Let’s not treat opioid addiction with another drug

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Many are heralding the FDA approval of the first injectable treatment option for opioid addiction as the solution to the opioid crisis. But using one drug to treat another, and at a cost of $1,500 per shot, buprenorphine is not the answer. A better solution is a natural and relatively inexpensive treatment – acupuncture.

Acupuncture has been used for drug and alcohol detoxification in the United States for over 30 years. The National Acupuncture Detoxification Association (NADA) created a protocol of five specific acupuncture points on the ear. This protocol is used at over 250 hospitals and over 700 addiction treatment centers to help people withdraw from drugs and alcohol.

The endorphins released from the protocol mirror the effects of the synthetic opioids the body is used to having and is craving. Basically, these endorphins bind to the same receptors that the heroin or Vicodin or Oxycontin were binding to. This significantly reduces the intensity of the craving for the drug and eases the transition from being an active user to being clean and sober.

Simple, safe and extremely effective.

Additionally, many of the withdrawal symptoms such as anxiety, agitation, insomnia, muscle aches and digestive disturbances are relieved by acupuncture.

As a licensed acupuncturist, I also encourage doctors and pain-sufferers to turn first to alternative therapies such as acupuncture, and for insurance providers to expand their coverage of this completely non-addictive form of pain treatment. Doesn’t it make sense to encourage patients to explore non-prescription forms of pain treatment to avoid addiction in the first place?

For a long time physicians would roll their eyes when patients inquired about acupuncture treatment, but many doctors are starting to come around to recognizing the benefits. In fact, our practice now receives handfuls of unsolicited referrals from doctors every week. The health insurance industry is also getting wise: many policies now cover acupuncture, and some states have even mandated coverage for acupuncture.

But there is still a long way to go.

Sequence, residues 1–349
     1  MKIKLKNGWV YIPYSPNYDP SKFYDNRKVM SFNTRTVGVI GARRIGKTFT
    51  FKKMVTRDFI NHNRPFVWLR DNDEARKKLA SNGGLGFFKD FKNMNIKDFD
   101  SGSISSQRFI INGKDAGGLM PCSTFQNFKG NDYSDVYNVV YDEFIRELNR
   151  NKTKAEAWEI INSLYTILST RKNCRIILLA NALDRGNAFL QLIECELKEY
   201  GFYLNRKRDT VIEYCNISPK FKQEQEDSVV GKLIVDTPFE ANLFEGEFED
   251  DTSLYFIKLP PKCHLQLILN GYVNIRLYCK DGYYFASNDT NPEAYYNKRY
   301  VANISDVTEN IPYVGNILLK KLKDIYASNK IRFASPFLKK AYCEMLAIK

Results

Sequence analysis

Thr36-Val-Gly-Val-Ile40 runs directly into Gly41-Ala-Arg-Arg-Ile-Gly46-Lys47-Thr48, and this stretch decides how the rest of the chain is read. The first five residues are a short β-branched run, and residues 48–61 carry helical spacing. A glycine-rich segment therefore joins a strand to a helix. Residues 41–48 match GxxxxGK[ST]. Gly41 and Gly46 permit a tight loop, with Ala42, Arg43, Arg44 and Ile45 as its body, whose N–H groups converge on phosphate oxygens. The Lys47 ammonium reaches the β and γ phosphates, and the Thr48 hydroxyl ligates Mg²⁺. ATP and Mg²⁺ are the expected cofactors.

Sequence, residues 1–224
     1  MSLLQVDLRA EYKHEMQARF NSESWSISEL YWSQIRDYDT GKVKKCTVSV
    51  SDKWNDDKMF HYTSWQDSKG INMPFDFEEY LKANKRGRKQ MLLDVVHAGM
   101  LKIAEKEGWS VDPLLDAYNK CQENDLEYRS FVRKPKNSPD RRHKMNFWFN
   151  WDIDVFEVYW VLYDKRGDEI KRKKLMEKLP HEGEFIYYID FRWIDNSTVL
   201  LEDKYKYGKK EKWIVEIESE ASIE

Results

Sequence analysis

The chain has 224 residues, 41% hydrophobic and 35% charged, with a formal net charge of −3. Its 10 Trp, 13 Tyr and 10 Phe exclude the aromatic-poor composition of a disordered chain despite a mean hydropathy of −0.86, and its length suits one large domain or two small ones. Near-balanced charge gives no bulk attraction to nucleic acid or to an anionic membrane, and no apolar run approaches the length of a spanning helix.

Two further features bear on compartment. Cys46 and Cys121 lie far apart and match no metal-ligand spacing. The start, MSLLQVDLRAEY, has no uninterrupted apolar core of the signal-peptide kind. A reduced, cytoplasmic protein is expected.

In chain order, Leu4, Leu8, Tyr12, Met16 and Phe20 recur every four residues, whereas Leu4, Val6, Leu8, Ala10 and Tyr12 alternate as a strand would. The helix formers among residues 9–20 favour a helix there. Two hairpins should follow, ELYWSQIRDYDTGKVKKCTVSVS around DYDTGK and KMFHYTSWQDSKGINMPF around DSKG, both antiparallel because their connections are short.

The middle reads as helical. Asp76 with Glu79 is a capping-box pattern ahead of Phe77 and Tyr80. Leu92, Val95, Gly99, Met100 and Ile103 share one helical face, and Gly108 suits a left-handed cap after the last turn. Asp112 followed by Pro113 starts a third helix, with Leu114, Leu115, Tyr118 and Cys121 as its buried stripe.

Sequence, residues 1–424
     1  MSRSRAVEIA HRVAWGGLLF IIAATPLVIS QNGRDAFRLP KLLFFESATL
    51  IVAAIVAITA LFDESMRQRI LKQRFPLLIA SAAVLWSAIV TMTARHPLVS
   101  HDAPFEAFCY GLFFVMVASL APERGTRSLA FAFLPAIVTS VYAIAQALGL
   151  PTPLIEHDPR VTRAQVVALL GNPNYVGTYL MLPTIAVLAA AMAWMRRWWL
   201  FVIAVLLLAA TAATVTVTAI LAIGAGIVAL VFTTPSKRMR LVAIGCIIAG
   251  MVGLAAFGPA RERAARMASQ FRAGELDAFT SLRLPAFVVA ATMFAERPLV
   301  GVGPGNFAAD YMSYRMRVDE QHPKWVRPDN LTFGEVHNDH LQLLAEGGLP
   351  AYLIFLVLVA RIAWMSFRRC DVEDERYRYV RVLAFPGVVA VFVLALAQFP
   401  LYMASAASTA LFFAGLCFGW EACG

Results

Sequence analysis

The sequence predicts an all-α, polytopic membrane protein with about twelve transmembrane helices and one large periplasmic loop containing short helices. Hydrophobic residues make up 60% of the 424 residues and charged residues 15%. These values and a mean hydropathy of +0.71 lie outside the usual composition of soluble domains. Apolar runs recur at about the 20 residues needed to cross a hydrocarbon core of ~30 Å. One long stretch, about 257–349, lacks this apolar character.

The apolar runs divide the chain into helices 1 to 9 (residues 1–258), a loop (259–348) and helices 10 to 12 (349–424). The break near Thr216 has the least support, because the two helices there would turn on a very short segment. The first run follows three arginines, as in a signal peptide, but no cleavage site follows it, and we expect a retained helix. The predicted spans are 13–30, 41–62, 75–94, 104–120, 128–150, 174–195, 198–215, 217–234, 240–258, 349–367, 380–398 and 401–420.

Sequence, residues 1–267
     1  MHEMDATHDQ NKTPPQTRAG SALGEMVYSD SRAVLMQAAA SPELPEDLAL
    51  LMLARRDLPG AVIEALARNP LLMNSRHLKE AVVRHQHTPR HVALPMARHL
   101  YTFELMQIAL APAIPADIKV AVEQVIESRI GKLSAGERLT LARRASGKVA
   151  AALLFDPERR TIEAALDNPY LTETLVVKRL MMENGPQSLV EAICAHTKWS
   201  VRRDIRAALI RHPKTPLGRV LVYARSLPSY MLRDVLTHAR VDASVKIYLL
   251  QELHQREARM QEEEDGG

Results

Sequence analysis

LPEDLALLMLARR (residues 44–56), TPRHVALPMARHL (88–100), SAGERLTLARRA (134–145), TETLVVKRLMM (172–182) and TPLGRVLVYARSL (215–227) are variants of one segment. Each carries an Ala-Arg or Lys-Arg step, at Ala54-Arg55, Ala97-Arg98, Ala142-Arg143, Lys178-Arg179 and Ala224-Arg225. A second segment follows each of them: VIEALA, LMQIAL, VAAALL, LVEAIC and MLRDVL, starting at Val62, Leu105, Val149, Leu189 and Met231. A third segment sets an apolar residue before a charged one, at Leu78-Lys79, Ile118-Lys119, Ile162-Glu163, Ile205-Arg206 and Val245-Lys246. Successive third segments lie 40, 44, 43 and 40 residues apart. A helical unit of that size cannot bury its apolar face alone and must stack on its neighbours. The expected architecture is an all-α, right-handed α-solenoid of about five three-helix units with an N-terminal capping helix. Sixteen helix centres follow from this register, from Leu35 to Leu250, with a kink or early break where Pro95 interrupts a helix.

Recently some major insurance providers have drastically slashed the level of acupuncture reimbursement in their policies. It’s a depressingly short-sighted move. I am grateful to Connecticut Attorney General George Jepsen and 36 other attorneys general who signed a joint letter to Marilyn Tavenner, President and CEO of America’s Health Insurance Plans, requesting that insurance companies offer more robust coverage for non-opioid pain management options.

They understand that increased insurance coverage is less costly than the cumulative long-term expense of opiate addiction and its devastating impact on public health. And here I use the word “expense” only in the monetary sense of the word. The psychological and emotional expense of opiate addiction to individuals and families is beyond measure.

Sadly, I speak from personal experience. I know all about the potential of opiates to devastate lives. My older brother, Billy, fought and lost a long battle with heroin addiction. My family and I did our best to support and encourage his recovery. My brother fought valiantly, checking into countless detox and rehabilitation programs.

But the power of Billy’s addiction to opiates was almost unfathomable.

I watched my big brother gradually transform into nothing less than a slave to heroin. While the pain, shame, and regret our family dealt with was excruciating, I can only imagine how agonizing those feelings were for Billy.

My path to acupuncture practice was largely a consequence of my brother’s tragedy. I had watched the medical establishment repeatedly fail Billy. He was bounced from medication to medication and referred from specialist to specialist. I saw firsthand the failings and limitations of modern medicine when it comes to treating chronic pain.

I knew there had to be a better way.

I urge our state’s insurers to do their part to end the opioid epidemic by opening access to acupuncture for residents of Connecticut.

Matt Maneggia, L.Ac. is the owner of Connecticut Family Acupuncture.

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